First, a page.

Another bee yard, which we manage 2 or 3 boxes tall. When supers are full, we replace them with an empty super, put them on the truck, and take them home to extract. 


What should I do one week after installing my honeybee package?

About a week (4-7 days) after installing the package, you will want to check to see if the queen has been accepted. 

First, light the fuel inside your smoker. We use old burlap bags or cotton denim as smoker fuel. The smoker should be producing cool smoke, and no flames should be coming out of the nozzle. Use caution starting fires in dry fields. 

Use the hive tool to pry off the lid. Puff a small amount of smoke across the top bars of the frames. You should see bees go down between the frames. 

Grandpa Arthur Andersen keeping bees at 99 years old. Using the smoker.

Carefully remove a frame from the middle of the cluster. Look in the cells of the drawn comb to check for eggs. Eggs are long, thin, round, and white.  In the photo below, almost every cell has an egg. Sometimes they are tricky to see because the skinny end will be poking up toward the top of the cell. (It's like looking at a pencil eraser head on.)

If you need to remove bees from the frame to see eggs more clearly, hold the ears of the frame, smartly rap the bottom bar onto the hive box to jar the bees from the frame into the hive. (Some people use a bee brush, but we think it just makes the bees mad.)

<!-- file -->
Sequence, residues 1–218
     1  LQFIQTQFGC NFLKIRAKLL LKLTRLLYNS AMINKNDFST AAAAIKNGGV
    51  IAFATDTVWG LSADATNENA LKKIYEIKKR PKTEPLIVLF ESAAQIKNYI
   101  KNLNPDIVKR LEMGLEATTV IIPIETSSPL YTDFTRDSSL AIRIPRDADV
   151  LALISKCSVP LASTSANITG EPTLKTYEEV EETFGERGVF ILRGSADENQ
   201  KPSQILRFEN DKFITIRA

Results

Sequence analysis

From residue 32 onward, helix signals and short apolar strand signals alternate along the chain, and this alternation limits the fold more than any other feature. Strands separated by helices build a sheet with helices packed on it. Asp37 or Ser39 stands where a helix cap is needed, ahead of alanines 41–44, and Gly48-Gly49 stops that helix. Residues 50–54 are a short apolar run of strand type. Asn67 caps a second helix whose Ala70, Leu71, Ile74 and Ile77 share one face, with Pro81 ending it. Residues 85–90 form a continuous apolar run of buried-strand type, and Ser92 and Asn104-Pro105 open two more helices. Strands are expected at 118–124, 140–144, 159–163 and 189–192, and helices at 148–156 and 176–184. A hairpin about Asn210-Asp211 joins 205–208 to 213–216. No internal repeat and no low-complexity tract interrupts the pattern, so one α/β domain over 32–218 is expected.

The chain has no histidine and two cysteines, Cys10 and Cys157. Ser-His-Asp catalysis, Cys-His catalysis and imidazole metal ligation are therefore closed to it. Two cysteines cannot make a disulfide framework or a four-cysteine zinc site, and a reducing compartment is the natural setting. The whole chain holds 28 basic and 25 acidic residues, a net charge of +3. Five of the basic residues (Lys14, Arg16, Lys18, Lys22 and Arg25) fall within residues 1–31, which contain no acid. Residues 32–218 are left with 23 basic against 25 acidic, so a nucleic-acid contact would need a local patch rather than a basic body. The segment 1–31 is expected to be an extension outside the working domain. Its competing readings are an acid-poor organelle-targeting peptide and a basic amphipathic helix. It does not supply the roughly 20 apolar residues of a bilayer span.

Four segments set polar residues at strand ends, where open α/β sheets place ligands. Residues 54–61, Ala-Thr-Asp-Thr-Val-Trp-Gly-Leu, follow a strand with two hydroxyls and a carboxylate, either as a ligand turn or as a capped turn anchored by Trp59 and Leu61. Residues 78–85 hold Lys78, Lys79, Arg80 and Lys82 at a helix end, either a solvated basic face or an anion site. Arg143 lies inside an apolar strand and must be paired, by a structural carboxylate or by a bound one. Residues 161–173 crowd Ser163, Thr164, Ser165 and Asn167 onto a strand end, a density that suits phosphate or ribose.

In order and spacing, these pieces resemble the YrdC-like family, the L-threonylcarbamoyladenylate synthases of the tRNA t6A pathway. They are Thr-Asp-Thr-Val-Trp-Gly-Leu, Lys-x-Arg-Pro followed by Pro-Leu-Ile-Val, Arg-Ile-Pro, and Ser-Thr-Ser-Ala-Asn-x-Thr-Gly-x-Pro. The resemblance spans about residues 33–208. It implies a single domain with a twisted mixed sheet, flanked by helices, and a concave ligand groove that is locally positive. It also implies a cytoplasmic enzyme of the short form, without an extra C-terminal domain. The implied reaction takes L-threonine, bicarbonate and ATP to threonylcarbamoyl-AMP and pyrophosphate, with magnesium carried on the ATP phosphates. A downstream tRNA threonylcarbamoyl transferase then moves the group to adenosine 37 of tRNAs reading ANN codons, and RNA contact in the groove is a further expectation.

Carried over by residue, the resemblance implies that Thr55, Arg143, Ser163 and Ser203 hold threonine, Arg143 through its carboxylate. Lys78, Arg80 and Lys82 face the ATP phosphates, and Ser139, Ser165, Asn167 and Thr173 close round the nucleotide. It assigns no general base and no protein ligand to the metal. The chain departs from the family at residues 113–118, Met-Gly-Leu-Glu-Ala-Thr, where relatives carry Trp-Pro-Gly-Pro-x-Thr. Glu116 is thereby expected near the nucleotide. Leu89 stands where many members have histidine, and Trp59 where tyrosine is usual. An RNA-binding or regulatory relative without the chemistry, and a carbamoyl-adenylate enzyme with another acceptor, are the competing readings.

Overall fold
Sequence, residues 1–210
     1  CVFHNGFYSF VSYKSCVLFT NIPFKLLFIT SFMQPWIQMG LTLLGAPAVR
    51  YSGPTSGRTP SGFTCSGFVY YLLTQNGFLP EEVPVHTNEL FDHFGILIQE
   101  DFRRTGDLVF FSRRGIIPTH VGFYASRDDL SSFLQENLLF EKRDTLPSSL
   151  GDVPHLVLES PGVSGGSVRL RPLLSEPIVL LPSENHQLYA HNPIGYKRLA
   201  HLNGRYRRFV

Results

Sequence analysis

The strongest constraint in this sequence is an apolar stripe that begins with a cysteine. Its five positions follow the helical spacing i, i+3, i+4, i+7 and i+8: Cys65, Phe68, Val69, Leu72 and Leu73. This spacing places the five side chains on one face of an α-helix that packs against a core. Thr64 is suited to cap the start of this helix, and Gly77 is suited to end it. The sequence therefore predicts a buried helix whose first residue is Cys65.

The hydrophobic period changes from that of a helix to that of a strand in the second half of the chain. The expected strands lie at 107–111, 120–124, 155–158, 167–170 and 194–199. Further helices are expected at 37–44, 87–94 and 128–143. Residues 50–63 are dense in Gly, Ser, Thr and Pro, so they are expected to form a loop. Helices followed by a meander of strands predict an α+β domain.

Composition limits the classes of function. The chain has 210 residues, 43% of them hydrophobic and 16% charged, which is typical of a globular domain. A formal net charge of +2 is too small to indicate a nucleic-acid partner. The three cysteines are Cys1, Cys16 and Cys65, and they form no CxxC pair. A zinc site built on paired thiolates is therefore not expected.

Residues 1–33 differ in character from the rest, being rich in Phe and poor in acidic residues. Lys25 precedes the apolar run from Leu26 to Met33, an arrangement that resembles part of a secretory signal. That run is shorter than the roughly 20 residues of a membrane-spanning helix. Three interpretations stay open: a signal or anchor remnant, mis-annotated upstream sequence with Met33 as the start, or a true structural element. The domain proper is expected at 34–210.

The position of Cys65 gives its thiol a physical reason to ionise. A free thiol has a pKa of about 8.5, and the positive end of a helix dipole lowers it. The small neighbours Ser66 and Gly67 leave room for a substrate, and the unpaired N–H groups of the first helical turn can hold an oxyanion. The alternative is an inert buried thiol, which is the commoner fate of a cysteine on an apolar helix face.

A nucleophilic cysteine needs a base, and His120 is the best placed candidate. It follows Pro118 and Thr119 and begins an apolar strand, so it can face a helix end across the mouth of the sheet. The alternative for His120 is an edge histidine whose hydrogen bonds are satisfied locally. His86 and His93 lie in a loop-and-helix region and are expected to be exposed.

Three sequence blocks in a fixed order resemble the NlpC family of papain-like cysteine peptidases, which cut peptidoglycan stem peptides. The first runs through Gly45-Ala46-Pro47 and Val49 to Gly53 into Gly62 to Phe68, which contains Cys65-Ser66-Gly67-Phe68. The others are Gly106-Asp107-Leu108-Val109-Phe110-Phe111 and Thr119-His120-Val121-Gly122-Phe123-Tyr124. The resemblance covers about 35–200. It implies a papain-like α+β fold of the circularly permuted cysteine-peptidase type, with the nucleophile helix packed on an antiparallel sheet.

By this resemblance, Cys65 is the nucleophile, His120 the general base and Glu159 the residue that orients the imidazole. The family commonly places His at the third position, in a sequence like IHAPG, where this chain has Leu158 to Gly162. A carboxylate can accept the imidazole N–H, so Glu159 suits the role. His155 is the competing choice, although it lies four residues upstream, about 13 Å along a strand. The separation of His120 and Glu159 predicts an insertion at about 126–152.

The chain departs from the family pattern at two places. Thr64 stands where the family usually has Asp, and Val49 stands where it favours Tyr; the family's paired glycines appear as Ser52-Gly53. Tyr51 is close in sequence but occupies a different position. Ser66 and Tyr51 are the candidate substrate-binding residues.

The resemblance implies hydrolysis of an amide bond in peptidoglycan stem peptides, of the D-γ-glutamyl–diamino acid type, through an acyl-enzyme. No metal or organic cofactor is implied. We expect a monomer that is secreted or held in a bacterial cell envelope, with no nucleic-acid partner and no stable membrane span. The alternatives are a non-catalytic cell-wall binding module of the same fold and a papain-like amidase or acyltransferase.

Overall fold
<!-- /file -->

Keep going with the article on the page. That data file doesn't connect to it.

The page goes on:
Keep feeding bees light syrup until there is a steady nectar flow, they have drawn comb in most of the frames in the bottom box, and they have two full frames of honey. You will probably use about 20-25 pounds of sugar per hive. 

If syrup smells  off (fermented), rinse out the feeder and replace with new syrup. 


What should I do the day after installing a package?

The day after installing your package, 24 hours later to be exact, check to make sure bees are getting some sugar syrup by looking at the level in the feeder and compare with yesterday. Disturb the bees as little as possible. 

Also, look to make sure bees are clustering in the middle of the box. If they are clustered to one side, try to center the cluster. You can remove some empty frames, and then gently slide the clustering frames to the middle and place the empties back in their place. 

Your hive stack should include, from the ground up, a hive stand or pallet, the bottom board, the hive body box with 10 frames, and the lid. 

Photo from Grandpa Andersen's files. Taken around 1966.

(Source: Beekeeping in Northern Climates, by Furgala, Spivak, & Reuter, p 33)


Recommended Beekeeping Manual